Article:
The item also inserts definitions for the terms ‘charge day’, ‘charge period’, ‘dairy establishment’ and ‘meat establishment’. The definitions are those that existed in the Regulations prior to the amendments made by the Export Inspection (Establishment Registration Charges) Amendment Regulations 2007 (No. 1). These amendments in 2007 removed charges for dairy establishments from the Regulations. The need for these definitions to be reinstated is brought about by the reinsertion of provisions into the Regulations that deal with these terms (see below). Some of these definitions, however, are inserted with minor amendments to bring them up to date and ensure they are in line with current drafting practice. The term ‘dairy establishment’ has been revised to reference milk or milk products instead of dairy products. This reflects a change in terminology that has occurred since 2001. The term ‘meat establishment’ has been expanded to capture poultry meat and game meat.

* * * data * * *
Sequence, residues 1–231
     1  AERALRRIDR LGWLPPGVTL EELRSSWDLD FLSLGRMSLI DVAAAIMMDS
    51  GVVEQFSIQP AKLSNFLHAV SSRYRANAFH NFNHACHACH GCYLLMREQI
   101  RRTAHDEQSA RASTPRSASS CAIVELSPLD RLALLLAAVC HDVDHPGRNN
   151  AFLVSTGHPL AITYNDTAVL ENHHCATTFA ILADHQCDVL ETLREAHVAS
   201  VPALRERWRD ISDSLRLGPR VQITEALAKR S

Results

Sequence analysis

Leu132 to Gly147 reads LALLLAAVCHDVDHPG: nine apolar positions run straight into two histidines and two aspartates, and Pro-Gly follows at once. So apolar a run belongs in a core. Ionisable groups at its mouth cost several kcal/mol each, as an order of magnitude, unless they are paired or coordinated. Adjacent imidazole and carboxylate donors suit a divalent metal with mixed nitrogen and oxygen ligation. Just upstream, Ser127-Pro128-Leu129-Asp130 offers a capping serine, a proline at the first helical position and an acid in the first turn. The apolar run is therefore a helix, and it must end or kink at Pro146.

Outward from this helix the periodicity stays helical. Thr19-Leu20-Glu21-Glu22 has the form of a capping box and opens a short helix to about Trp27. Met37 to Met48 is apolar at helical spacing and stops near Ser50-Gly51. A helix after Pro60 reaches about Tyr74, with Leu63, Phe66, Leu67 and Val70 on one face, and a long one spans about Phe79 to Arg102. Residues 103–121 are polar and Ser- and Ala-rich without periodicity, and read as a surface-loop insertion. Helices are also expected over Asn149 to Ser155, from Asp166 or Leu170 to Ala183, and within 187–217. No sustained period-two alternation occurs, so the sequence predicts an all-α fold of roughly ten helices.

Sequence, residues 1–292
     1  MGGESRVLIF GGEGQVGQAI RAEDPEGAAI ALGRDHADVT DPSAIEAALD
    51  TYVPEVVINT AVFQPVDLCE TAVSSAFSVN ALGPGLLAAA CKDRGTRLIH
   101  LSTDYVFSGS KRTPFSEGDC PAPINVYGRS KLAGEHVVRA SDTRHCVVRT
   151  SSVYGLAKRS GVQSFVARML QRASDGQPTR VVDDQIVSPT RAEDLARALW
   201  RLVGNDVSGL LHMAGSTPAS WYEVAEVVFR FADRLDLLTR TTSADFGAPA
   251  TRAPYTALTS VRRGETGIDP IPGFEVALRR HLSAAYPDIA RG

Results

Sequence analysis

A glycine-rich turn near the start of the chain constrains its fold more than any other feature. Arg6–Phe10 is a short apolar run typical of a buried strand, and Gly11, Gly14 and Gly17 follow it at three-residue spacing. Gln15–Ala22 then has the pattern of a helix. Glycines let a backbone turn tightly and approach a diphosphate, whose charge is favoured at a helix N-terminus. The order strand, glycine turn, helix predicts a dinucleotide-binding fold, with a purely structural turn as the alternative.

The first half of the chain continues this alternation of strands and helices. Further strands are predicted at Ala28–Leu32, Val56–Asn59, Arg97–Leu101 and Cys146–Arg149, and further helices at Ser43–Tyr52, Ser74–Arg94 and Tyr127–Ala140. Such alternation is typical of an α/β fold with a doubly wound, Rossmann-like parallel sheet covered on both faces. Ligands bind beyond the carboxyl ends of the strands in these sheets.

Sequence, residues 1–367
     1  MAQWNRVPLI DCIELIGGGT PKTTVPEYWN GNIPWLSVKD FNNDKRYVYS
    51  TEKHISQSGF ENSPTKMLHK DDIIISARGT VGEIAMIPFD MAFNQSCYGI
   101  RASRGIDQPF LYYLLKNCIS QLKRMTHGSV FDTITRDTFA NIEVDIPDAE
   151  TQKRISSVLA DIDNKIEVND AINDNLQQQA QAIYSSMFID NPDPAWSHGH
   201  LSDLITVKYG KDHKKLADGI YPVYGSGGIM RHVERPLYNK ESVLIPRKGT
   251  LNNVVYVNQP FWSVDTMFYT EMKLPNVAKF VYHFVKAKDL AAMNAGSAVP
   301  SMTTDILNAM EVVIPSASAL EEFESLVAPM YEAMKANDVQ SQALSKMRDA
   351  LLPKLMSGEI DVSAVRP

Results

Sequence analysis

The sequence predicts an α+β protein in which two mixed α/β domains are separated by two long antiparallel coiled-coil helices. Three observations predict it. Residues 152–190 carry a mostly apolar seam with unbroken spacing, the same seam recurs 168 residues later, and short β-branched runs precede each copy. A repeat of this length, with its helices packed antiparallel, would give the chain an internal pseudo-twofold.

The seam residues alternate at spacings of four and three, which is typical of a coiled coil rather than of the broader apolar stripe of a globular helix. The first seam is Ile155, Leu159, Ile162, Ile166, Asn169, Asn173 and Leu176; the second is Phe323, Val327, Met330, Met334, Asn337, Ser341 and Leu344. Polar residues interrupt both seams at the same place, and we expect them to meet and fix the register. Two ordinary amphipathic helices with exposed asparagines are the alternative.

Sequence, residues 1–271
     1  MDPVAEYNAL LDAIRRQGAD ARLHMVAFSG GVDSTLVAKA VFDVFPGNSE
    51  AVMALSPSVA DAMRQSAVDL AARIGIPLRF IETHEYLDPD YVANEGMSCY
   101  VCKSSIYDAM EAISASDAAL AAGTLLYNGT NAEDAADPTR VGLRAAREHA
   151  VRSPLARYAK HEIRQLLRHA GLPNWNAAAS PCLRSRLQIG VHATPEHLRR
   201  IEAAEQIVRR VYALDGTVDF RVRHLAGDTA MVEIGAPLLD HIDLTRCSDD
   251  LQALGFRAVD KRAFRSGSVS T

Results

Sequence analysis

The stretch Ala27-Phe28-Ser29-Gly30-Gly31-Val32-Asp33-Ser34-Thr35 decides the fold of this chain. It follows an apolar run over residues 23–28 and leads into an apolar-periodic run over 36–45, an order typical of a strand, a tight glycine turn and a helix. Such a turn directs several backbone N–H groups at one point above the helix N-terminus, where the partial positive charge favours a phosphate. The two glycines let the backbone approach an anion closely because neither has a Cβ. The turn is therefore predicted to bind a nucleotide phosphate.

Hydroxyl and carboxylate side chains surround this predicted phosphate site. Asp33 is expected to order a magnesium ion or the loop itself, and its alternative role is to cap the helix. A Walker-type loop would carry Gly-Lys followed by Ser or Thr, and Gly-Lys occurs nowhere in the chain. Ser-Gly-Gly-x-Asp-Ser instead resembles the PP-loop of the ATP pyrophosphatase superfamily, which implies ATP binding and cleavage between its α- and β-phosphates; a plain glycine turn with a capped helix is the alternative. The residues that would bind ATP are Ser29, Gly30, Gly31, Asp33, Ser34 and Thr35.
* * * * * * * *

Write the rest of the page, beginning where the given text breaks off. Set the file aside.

The item also inserts definitions for the terms ‘boning’, ‘corporation’, ‘export boning establishment’, ‘export casings establishment’, ‘export processing establishment’, ‘export slaughter establishment’ and ‘meat product’. The effect of this is to reinstate the definitions for these terms that existed in the Regulations immediately prior to the amendments made by the Export Inspection (Establishment Registration Charges) Amendment Regulations 2001 (No. 1). These definitions and the corresponding provisions that used them were removed from the Regulations after the 2001 Australian Government announcement which provided a 40% contribution for the cost of providing export inspection and certification services to the meat, grain, fish, dairy, live animal and horticulture export industries. Under the revised fee structure brought into effect in 2001, registration charges for all commodities were either reduced or removed. The charge for meat was removed entirely.